We can only do what we can do (remember your umbrella in the rain, wash your hands properly to avoid Coronavirus etc.), then, we should try as much as we can to let other thoughts go. Worrying increases our vulnerability to stress, and can have an impact on the body. To be at your best so you can effectively face life's challenges, let worry go, that means, choosing to disengage from worry thoughts.
"The greatest weapon against stress is our ability to choose one thought over another" - William James
In the movies change is often depicted as happening in a big transformative event, where someone has a revelation that changes their life forever, and they live happily ever after.
The reality is quite different. Change is more likely to be a collection of small decisions, made over and over again.
What change will you make today?
“A year from now you will wish you had started today.” - Karen Lamb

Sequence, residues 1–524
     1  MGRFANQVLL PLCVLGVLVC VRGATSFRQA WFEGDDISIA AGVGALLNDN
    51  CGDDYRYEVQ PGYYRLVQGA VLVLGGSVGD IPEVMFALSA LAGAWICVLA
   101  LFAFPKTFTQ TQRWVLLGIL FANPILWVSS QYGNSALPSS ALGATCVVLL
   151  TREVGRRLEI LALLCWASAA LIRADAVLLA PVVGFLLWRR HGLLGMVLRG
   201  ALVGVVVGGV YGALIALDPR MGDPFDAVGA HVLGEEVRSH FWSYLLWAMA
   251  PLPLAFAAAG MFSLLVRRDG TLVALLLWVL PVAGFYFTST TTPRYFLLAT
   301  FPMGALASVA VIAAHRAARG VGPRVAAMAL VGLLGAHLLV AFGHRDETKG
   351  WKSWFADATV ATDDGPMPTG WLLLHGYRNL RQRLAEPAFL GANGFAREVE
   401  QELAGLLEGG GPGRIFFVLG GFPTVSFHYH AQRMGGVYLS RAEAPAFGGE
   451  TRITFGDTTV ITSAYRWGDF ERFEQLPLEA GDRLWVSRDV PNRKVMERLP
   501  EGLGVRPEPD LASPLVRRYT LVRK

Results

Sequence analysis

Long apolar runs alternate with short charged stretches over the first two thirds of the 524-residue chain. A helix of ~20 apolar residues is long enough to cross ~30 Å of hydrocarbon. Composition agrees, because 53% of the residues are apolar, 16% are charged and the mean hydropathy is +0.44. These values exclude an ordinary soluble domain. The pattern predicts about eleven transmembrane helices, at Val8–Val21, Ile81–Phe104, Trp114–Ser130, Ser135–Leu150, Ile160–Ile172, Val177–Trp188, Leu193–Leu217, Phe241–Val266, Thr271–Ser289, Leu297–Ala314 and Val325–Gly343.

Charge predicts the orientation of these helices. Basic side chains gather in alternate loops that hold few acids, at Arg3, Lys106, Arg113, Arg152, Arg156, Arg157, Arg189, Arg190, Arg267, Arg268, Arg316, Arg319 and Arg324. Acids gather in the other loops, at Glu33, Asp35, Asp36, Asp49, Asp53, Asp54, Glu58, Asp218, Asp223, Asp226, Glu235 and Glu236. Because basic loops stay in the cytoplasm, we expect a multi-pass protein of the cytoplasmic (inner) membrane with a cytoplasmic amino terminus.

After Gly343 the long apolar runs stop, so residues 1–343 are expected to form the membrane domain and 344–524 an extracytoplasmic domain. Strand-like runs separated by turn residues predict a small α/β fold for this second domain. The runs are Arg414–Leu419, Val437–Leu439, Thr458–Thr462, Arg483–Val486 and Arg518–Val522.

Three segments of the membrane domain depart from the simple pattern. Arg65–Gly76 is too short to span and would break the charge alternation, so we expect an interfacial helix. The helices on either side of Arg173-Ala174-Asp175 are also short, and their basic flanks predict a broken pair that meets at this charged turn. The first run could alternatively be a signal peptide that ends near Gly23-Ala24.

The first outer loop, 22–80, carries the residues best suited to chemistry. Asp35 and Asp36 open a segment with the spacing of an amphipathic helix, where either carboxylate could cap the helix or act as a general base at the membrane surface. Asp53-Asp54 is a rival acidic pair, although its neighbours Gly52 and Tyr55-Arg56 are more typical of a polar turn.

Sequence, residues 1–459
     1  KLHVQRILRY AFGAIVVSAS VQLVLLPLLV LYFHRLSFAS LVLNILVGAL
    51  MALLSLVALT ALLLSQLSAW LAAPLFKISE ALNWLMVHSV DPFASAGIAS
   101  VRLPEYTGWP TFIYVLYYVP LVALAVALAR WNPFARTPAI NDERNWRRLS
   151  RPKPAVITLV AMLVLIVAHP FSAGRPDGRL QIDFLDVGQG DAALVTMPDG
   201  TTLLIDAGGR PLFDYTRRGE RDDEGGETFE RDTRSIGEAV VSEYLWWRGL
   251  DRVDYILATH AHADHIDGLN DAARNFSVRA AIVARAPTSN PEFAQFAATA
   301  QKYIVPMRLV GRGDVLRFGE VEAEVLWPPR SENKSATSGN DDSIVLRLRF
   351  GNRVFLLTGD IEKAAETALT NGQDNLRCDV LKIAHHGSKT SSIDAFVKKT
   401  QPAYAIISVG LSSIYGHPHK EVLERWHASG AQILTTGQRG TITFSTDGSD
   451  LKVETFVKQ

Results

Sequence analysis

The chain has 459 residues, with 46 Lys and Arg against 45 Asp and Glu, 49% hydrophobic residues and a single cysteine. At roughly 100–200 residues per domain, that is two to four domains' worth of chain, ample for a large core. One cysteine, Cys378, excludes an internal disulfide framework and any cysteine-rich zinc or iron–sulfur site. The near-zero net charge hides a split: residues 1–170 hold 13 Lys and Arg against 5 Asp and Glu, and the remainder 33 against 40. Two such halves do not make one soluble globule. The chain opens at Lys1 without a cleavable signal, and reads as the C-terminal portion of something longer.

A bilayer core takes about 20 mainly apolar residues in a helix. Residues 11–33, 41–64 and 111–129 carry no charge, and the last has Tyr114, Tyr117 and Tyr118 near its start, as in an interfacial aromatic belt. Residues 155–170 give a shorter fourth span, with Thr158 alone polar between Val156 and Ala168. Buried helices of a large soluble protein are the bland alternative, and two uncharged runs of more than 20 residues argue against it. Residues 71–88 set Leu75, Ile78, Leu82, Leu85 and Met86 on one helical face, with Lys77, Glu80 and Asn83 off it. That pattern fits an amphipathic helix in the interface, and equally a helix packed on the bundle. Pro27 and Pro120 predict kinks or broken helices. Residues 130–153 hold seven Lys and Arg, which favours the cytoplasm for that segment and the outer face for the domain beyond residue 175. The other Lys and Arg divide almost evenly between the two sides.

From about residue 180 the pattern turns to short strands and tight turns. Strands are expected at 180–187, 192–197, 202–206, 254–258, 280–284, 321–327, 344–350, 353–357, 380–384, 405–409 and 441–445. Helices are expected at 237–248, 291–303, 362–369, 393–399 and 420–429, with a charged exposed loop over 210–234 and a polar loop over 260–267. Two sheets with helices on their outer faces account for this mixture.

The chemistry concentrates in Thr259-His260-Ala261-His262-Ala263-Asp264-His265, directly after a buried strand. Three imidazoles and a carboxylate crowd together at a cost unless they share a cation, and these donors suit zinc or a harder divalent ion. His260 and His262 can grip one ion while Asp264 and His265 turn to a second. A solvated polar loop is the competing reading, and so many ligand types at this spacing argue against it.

Relationships can be really complicated, no matter if we are talking about a family member, a partner, a friend, or a colleague. When someone does us wrong, or we have a disagreement, we can get caught up in rumination over who is right (me, obviously), and who is wrong (them of course!).
Sometimes we can spend hours, if not days going over and over what happened, this can have a negative effect on our mood, and our stress levels.
Instead of going over old hurts, engaging in debate in our minds over right and wrong, try instead to ask: "How does thinking about this make me feel?" - If the answer is along the lines of "worked up", "stressed out", or "depressed", see if you can let it go. It's stealing your sense of peace, and nothing is important enough to do that.
This doesn't mean excusing or condoning bad behaviour, if someone is treating you badly then by all means do something about it. But if you find yourself engaged in an inner battle with someone in your own head, the only person who is hurting is you, so let it go. It's an act of self-compassion.
"Holding on to anger is like drinking poison and expecting the other person to die." - Unknown.